The United States would be very disappointed if North Korea tested a long-range or nuclear missile and would take appropriate action as a leading military and economic power, White House national security adviser Robert O’Brien said on Sunday.
The U.S. on Sunday said it would take action if North Korea tested a long-range or nuclear missile, as concerns in Washington ramp up over Pyongyang's threat earlier this month to deliver an unwanted "Christmas gift." National security adviser Robert O'Brien told ABC's 'This Week' that Washington has many "tools in its kit" to respond to any such test.
And he added that the U.S. would be extraordinarily disappointed and would "demonstrate that disappointment" if North Korean leader Kim Jong un follows through on his threat to test a long-range missile.
That forceful new message from the White House comes after President Trump brushed off Kim's threat on Christmas Eve.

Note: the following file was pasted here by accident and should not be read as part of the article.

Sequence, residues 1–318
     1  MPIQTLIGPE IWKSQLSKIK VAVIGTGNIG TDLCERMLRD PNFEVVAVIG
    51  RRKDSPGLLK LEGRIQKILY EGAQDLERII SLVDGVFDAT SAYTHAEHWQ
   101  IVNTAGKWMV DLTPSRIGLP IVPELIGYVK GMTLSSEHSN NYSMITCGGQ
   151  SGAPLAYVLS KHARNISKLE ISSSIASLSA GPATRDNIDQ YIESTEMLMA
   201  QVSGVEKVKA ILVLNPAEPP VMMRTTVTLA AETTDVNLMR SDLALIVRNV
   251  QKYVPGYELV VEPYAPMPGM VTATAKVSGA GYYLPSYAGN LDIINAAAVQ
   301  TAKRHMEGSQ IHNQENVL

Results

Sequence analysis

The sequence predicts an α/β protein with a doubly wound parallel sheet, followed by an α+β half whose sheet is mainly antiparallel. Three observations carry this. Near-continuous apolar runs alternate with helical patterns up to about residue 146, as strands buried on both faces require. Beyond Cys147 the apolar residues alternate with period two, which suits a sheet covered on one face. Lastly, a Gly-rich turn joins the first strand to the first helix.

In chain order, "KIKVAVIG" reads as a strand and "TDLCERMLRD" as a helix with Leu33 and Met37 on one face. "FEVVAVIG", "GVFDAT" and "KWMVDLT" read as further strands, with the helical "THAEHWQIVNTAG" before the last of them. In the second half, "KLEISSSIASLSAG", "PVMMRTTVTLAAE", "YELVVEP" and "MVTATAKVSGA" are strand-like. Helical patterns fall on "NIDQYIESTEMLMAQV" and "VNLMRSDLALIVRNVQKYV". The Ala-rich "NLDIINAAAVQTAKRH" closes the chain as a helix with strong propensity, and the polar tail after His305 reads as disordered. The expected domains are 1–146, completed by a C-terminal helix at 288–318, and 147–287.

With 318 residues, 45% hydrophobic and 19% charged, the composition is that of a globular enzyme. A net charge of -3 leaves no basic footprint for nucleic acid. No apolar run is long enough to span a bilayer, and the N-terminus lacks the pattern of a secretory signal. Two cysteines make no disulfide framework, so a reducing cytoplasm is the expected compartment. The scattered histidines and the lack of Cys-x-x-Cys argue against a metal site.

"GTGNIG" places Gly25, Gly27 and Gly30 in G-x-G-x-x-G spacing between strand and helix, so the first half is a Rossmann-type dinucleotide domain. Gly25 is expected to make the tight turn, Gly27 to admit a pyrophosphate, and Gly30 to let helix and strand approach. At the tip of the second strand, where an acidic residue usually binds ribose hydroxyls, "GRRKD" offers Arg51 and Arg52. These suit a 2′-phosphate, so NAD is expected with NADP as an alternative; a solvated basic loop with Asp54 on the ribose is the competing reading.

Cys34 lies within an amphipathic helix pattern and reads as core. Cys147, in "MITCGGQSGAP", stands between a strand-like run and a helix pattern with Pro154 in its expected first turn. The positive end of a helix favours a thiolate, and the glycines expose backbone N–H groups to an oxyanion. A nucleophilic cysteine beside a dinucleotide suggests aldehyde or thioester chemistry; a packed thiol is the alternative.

(SOUNDBITE) (English) U.S. PRESIDENT DONALD TRUMP, SAYING (DECEMBER 24, 2019): "Maybe it's a nice present where he sends me a beautiful vase as opposed to a missile test." U.S. military commanders remain on high alert on the Korean peninsula, widely expecting a ballistic missile or nuclear weapons test, even though Christmas has come and gone.
North Korea has been pressuring Washington to offer new concessions to iron out differences over Pyongyang's shifting commitments to denuclearize the Korean Peninsula.
Despite Kim's provocation, O'Brien said the U.S. and North Korea have opened new channels of communication but didn't elaborate.
Over the years, Trump and Kim have engaged in personal diplomacy and boasted a good personal relationship.
Kim Jong Un has set a year-end deadline for the United States to offer a new initiative on Pyongyang's nuclear program.
More than 28,000 U.S. troops are stationed in South Korea.